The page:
17th Breakthrough Artillery Division ( 37th Light Artillery Brigade, 39th Gun Artillery Brigade, 50th Howitzer Brigade, 92nd Heavy Howitzer Brigade, 108th Super Heavy Howitzer Brigade & 22nd Mortar Brigade)
10th Breakthrough Artillery Corps :
4th Breakthrough Artillery Division (168th Ligth Artillery Brigade, 171st Howitzer Brigade, 50th Heavy Howitzer Brigade, 163th Super Heavy Howitzer Brigade, 37th Mortar Brigade, 49th Heavy Mortar Brigade & 30th Guards Mortar Brigade ( Rocket Launcher).
31st Breakthrough Artillery Division (187th Light Artillery Brigade, 191st Howitzer Brigade, 194th Heavy Howitzer Brigade, 164th Super Heavy Howitzer Brigade, 35th Mortar Brigade, 51st Heavy Mortar Brigade and 38th Guards Mortar ( Rocker Launcher ) Brigade.
3rd Guards Mortar Division (15th, 18th and 32nd Guards Mortar ( Rocket Launcher) Brigades)
12th Mortar Brigade, 1st Guards Mortar Brigade, 10th Guards, 11th Guards and 37th Antitank Brigade, 37th Antiaircraft Division.


15 January 1945 - History

INFORMING THE PUBLIC
(August 1945)
Events > Postscript -- The Nuclear Age, 1945-Present

The atomic bombing of Japan in early August 1945 suddenly thrust the Manhattan Project into the center of the public eye. What formerly had been privy to a select few now became the object of intense public curiosity and scrutiny. Manhattan Project officials, however, had no intent to release what they viewed as essential military secrets. To both allay inordinate inquisitiveness and satisfy the legitimate public need to know, officials in early 1944 began a carefully designed public relations program in anticipation of when they would have to announce the news to the world. They perceived that, from the standpoint of security, the release of some selected information would make it easier to maintain the secrecy of the highly classified aspects of the project. The public relations program had two parts: preparation of a series of public releases and preparation of an administrative and scientific history of the project.

Responsibility for preparation of press releases fell upon General Leslie Groves and his Washington staff. Realizing the need for professional guidance, Groves approached William Laurence, the well-known science reporter for the New York Times. The Times agreed to release Laurence to the Manhattan Project for as long as he was needed. During the early months of 1945, Laurence visited the major atomic facilities and interviewed the leading participants. He also witnessed the Trinity test and the bombing of Japan. Laurence drafted most of the press releases on various project activities and events.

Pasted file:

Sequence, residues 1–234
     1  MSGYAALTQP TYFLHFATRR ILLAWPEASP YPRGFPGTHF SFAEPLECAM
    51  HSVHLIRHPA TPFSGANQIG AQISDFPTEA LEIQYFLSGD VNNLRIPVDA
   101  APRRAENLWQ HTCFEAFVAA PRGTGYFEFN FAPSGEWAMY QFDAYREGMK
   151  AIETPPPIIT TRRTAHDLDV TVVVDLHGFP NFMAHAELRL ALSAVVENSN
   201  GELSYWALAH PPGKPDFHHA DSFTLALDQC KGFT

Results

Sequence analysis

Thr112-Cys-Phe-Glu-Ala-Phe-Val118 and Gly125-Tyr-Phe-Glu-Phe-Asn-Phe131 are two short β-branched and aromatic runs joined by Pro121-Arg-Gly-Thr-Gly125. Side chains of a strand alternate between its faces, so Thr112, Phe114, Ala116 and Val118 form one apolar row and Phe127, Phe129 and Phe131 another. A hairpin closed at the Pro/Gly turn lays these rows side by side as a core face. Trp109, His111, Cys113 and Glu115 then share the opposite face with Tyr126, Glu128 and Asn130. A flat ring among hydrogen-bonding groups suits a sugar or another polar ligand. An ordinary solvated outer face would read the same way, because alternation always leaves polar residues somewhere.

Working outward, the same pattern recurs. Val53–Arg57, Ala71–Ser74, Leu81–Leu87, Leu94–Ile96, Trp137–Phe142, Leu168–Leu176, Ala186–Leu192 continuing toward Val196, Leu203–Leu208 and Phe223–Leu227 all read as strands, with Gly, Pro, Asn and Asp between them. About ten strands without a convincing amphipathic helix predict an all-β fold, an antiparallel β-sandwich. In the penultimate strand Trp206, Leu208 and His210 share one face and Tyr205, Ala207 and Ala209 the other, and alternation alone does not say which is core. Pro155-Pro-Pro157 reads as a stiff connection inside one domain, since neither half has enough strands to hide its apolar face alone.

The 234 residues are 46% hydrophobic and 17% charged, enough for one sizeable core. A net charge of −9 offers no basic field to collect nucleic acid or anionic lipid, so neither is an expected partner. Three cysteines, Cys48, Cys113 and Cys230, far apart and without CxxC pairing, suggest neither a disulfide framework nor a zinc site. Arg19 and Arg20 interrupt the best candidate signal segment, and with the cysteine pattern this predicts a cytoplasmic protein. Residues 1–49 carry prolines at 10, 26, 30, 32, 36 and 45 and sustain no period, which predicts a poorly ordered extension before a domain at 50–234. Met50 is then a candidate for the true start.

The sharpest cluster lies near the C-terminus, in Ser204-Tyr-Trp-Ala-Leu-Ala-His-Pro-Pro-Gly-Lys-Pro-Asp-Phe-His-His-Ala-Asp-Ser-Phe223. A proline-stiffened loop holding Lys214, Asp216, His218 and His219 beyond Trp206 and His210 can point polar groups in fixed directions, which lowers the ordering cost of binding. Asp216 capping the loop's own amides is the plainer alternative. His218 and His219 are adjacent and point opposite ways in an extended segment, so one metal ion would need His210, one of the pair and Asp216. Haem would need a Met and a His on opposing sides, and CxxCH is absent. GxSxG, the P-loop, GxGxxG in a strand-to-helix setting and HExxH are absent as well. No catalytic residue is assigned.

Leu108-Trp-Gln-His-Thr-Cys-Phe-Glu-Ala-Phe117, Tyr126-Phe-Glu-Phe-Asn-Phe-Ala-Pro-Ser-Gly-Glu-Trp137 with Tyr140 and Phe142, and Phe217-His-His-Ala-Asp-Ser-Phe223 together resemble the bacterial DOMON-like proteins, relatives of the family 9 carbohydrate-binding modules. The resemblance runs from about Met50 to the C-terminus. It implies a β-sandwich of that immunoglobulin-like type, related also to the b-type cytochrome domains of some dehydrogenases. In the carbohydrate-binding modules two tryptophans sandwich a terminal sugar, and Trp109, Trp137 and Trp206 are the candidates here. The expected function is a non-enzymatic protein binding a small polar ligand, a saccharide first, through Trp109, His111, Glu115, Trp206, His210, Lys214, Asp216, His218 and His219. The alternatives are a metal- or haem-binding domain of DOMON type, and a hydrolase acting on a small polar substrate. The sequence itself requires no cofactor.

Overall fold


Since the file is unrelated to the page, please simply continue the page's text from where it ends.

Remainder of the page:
Release of the prepared statements was carefully controlled and managed following Hiroshima. Sixteen hours after the bombing, the White House released a statement by President Harry S. Truman, who was en route from the Potsdam Conference aboard the U.S.S. Augusta. "It is an atomic bomb," Truman announced, "harnessing . . . the basic power of the universe. The force from which the sun draws its power has been loosed against those who brought war to the Far East." Describing the race with the Germans for the bomb as the "battle of the laboratories," he noted that the contest "held fateful risks for us as well as the battles of the air, land and sea, and we have won the battle of the laboratories as we have won the other battles." Looking to the future and the possible mixed blessings of this atomic victory, the President observed that it had "never been the habit of the scientists of this country or the policy of this Government to withhold from the world scientific knowledge. . . . but under present circumstances it is not intended to divulge the technical processes of production or all the military applications, pending further examination of possible methods of protecting us and the rest of the world from the danger of sudden destruction." Recommendations would be made to Congress, Truman promised, on how the atom could become a "powerful and forceful influence towards the maintenance of world peace."